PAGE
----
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Eyes on July US Crude Demand to Drain Glut
Eyes on July US Crude Demand to Drain Glut

Eyes on July US Crude Demand to Drain Glut

Eyes on July US Crude Demand to Drain Glut

US oil traders are hoping the sweltering days of July are also hot ones for demand, believing the new month is the last best opportunity this year to see the overhang of inventories finally subside.
Export opportunities to Asia and big US summer driving demand—expected to hit a record this weekend—are seen as the primary drivers for a drawdown in stocks that have remained stubbornly above seasonal averages, Reuters reported.
July is usually a big month for drawdowns: Over the last five years, inventories of crude oil have dropped by an average of 2.9 million barrels per week in July, according to the US Energy Information Administration.
But analysts warn that if inventories do not draw down in earnest, it may dash the hopes of many in the industry of seeing higher prices by the end of this year.
"Typically June/July represents the seasonal peak in refinery demand for crude," said David Thompson, executive vice president at Powerhouse, an energy-specialized commodities broker in Washington.
"It gets tougher to use up all that crude as refinery utilization starts to ease off as we move past the peak of summer driving season."
A record number of motorists are expected to hit the road for the Fourth of July holiday. US gasoline demand was up 0.4% in April from the year-ago period, the first year-on-year increase since December, according to the latest US government data.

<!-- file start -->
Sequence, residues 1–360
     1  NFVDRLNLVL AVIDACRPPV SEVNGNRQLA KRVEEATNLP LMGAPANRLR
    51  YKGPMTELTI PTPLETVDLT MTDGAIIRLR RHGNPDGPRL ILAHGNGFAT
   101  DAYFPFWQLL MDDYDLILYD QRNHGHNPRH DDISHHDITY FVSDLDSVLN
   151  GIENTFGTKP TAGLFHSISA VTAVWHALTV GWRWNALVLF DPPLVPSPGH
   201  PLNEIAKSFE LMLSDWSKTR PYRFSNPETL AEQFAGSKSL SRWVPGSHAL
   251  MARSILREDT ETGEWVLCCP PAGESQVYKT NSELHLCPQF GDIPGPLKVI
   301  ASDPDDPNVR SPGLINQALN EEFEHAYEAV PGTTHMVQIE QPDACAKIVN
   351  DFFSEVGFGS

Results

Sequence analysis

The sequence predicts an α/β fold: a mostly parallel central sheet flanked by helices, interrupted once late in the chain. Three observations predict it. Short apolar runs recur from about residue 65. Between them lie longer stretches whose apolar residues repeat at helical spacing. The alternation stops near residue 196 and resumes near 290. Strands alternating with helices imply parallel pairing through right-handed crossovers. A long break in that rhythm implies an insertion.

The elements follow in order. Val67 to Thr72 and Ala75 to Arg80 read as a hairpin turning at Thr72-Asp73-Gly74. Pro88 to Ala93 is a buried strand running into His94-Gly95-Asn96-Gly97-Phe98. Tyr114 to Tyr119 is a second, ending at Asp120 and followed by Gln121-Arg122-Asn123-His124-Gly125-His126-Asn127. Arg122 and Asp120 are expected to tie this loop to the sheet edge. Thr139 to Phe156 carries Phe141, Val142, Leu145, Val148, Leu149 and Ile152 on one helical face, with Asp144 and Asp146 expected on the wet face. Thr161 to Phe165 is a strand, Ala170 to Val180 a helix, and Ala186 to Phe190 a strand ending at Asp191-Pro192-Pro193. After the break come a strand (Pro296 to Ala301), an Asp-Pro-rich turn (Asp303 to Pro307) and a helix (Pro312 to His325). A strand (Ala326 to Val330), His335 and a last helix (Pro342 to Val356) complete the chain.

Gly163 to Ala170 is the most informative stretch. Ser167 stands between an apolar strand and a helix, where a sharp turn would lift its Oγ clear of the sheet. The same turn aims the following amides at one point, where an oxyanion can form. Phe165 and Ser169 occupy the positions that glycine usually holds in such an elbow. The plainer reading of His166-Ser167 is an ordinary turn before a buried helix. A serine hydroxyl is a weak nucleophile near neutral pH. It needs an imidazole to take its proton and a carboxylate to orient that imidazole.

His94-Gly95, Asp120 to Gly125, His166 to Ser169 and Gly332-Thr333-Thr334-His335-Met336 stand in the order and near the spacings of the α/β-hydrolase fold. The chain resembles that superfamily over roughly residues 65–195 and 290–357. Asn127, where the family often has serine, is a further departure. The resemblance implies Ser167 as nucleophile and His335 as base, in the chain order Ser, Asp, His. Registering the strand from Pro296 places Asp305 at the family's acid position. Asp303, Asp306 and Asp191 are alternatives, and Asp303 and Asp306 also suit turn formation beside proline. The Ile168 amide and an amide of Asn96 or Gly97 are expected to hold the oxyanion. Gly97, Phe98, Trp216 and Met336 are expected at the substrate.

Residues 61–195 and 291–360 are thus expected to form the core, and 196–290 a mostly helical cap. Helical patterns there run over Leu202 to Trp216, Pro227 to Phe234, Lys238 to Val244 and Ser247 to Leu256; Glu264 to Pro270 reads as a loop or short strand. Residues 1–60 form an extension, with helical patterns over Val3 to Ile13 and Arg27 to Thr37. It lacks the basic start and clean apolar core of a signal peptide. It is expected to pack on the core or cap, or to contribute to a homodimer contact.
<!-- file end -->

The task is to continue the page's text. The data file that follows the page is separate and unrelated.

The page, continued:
In addition, a window has opened for US crude exports to Asia, after prices made it uneconomical to send US supplies offshore in recent months. Robust appetite from Japanese and South Korean buyers could help soak up excess supplies.
Investors came into this year optimistic, and indeed, US crude prices topped out near $55 a barrel in February in the wake of the deal struck by the Organization of Petroleum Exporting Countries with other key producers to reduce supply by 1.8 million barrels per day that began in January.
But total oil inventories of the Organization for Economic Cooperation and Development are still above 3 billion barrels due to an unexpected recovery in Libyan and Nigerian supplies, and a rebound in US shale production.

 

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